FIG1 I am writing this column in
the midst of congressional hearings that are bracketing a recent Food and Drug
Administration (FDA) advisory committee meeting, all focused on the
association of suicidal behaviors with the use of SSRIs by children and
adolescents. This issue is of immense concern to parents, our young patients,
and to ourselves as clinicians and researchers. At this moment, it appears
that the FDA will be advised by its committee to mandate a black box warning
on SSRIs in response to data that point to an approximate doubling of the risk
of low-prevalence suicidal behaviors among a small proportion of adolescents
for whom these medications have been prescribed.
Lost in the hue and cry over risks linked to SSRI use by adolescents is
another story the data tell, which document the unequivocal effectiveness of
these medications in treating a debilitating and intrinsically
life-threatening disorder affecting between 3 percent and 5 percent of
American children and adolescents.
In this column, I want to review information compiled by our APA Office of
Research staff and colleagues in the field that has begun to crystallize what
we know, what we don't know, and what we must do, clinically and
scientifically, to ensure the health and safety of children and adolescents
with a depressive disorder.
Data sources for our APA review included first-stage results of the
NIMH-sponsored Treatments for Adolescents With Depression Study (TADS), which
reported on 12-week trials of fluoxetine, fluoxetine plus CBT, CBT alone, and
placebo in 439 youth with moderate to severe depression (Psychiatric
News, September 3). We also drew on two meta-analyses conducted by and
for the FDA of clinical trials involving 4,555 adolescents receiving any of
eight SSRIs for treatment of depression.
We know that suicidal behaviors are an all-too-frequent concomitant of
major depressive disorder. In the TADS study, for example, 29 percent of
adolescents with moderate to severe depression experienced clinically
significant suicidal ideation prior to treatment.
These risks are best understood in an overall population-based context of suicidal behaviors among youth. One source of such data is Madelyn Gould and colleagues' report of the NIMH-sponsored Methods for the Epidemiology of Child and Adolescent Mental Disorders study of community samples of about 1,300 youth aged 9 to 17; 7.5 percent of respondents reported suicidal ideation in the previous six months, 3.3 percent reported a suicide attempt in their lifetime, and 1.6 percent reported a suicide attempt in the previous six months. Of those reporting lifetime suicide attempts, 37.5 had a diagnosis of major depressive disorder, and of those reporting suicidal ideation, 23.3 percent were diagnosed with major depressive disorder.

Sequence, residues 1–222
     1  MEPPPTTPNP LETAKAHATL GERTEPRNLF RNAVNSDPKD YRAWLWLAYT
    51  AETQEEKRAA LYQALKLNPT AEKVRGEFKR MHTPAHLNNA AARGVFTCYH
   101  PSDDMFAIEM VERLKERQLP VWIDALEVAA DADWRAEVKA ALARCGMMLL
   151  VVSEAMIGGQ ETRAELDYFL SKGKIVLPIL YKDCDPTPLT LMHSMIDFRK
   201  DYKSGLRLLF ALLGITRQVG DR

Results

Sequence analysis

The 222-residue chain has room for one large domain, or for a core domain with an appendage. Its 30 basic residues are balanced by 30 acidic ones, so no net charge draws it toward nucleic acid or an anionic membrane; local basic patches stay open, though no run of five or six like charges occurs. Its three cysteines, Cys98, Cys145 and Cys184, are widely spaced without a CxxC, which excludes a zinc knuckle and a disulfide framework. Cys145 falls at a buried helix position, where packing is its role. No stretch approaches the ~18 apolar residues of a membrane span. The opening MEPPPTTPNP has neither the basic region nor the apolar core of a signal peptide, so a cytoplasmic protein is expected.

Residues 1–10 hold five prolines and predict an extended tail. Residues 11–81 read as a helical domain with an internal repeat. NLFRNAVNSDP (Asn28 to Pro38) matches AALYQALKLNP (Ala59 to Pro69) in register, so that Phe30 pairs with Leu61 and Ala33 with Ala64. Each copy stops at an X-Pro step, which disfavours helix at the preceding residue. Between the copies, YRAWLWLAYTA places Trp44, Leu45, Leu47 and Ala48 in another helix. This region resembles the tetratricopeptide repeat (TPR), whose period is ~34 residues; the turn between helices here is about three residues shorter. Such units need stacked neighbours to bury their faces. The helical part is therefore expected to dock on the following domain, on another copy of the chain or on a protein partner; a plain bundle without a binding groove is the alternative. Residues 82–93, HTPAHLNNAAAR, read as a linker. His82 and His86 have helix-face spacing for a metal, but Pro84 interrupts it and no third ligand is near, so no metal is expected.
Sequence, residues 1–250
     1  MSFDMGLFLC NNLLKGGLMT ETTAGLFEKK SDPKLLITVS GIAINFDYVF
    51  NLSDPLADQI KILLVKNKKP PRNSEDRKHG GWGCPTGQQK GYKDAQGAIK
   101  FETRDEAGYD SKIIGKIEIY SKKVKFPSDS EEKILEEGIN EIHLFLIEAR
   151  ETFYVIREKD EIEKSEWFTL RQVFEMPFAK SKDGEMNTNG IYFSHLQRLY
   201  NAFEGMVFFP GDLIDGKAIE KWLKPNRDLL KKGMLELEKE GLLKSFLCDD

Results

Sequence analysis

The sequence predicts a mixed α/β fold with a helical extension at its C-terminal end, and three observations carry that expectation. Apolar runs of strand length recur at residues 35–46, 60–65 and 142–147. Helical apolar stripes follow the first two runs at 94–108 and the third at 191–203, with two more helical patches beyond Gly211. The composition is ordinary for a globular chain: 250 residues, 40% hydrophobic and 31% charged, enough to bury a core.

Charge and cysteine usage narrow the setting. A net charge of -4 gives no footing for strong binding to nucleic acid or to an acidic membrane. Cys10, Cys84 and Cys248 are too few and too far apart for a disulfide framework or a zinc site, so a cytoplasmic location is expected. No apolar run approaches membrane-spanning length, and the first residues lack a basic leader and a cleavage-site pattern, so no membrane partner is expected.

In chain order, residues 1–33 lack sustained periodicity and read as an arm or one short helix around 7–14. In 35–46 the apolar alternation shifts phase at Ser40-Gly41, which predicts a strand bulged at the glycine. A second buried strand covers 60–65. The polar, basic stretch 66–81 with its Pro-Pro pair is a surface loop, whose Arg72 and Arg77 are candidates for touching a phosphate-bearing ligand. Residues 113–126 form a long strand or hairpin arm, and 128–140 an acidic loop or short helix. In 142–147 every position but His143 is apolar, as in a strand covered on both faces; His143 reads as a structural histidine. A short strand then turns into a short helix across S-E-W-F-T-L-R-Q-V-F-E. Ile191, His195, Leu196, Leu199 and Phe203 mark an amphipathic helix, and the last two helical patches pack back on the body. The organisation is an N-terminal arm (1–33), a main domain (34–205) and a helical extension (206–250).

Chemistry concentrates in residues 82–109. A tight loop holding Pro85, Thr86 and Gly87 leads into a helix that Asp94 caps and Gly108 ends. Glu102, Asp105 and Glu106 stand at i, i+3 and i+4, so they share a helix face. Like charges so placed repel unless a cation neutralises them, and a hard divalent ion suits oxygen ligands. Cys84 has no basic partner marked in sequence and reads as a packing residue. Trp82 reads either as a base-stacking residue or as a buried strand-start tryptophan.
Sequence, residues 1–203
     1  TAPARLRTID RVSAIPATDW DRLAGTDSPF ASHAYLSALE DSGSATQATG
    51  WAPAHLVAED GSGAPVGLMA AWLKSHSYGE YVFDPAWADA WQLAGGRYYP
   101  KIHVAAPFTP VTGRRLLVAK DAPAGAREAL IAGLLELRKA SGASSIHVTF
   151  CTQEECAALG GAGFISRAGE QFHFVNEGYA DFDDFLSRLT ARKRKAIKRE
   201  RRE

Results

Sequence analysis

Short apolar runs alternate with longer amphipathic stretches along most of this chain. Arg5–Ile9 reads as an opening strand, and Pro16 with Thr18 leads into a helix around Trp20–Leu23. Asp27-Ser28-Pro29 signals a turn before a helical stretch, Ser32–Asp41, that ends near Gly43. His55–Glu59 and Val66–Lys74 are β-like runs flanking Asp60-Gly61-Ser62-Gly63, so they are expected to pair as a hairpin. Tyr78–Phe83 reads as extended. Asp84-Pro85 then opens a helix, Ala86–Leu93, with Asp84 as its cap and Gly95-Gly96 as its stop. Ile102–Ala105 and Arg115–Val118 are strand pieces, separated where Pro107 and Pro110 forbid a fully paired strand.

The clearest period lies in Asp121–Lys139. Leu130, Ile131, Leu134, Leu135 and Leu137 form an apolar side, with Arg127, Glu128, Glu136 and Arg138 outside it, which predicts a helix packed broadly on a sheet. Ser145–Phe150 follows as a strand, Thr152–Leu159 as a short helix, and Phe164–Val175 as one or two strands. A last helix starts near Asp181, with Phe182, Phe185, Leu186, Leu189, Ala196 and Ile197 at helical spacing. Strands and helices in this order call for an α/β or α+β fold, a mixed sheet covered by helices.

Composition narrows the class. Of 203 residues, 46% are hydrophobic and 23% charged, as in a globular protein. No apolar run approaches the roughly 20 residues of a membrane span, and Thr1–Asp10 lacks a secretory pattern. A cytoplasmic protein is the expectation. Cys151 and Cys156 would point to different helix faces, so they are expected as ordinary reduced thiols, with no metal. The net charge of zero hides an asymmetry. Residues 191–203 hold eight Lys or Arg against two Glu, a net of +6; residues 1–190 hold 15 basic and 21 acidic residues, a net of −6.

We also now have consistent evidence of some elevated risk of suicidal
behaviors among a small proportion of adolescents receiving SSRIs. In the TADS
study, there were no completed suicides but seven attempts (1.5 percent of the
sample); among an additional 5 percent of subjects who experienced a"
suicide-related event," differences between those receiving
fluoxetine and those on CBT or placebo were not statistically significant.
In the FDA meta-analyses, researchers found that 33 subjects (1.7 percent
of the aggregate population) experienced suicidal ideation; again, there were
no completed suicides.
Findings that active medication was associated with approximately a
doubling of the risk of suicidal events demand our attention, but must not
obscure the indisputable evidence of SSRIs' efficacy in treating adolescent
depression, including suicidality. Over the 12 weeks reported for the TADS
study, 71 percent of the patients responded positively to the combination of
fluoxetine and CBT, a response rate double that for patients on placebo. The
response rate for study participants taking fluoxetine alone was 60.9 percent,
and among those who received only CBT, the response rate was 43.2 percent.
Suicidal ideation among subjects dropped dramatically, from 29 percent at
baseline to less than 10 percent at week 12.
We do not know with certainty the factors associated with suicidal
behaviors in a small group of patients in the TADS study. Future analyses will
need to examine these events and their timing in relation to exposure to
medications and to other medical conditions that could increase impulsivity,
such as ADHD or substance abuse, or adverse life events. Nor do we know why
some 30 percent of young patients in the TADS study did not improve on the
best treatment regimen, that is, fluoxetine plus CBT.
Absolute safety concerns may have fostered a rush to judgment on the use of
SSRIs with young patients in some other countries. We need to be aware and
educate others that the benefits of these treatments—the alleviation of
suicidality in the vast majority and their potency in addressing the multiple
social, academic, and health-related disabilities of depression—must be
given careful consideration when assessing the potential risk associated with
We know that when young patients receive these medications, careful
monitoring is imperative, especially early in treatment. And we know that
those who do not respond to fluoxetine, which the evidence suggests to be a
reasonable first-line treatment, underscore the need for a range of
medications and psychotherapeutic interventions that are responsive to the
unique characteristics of individual patients. Further research is needed to
address treatment-resistant depression, including examinations of the unique
genetic risk and metabolic characteristics of adolescents with subtypes of
Finally, these reports coincide with continuing calls for a national
clinical trials registry, an area in which APA has exercised a leading voice.
I will address the implications of this development for clinical practice and
science in a future column. ▪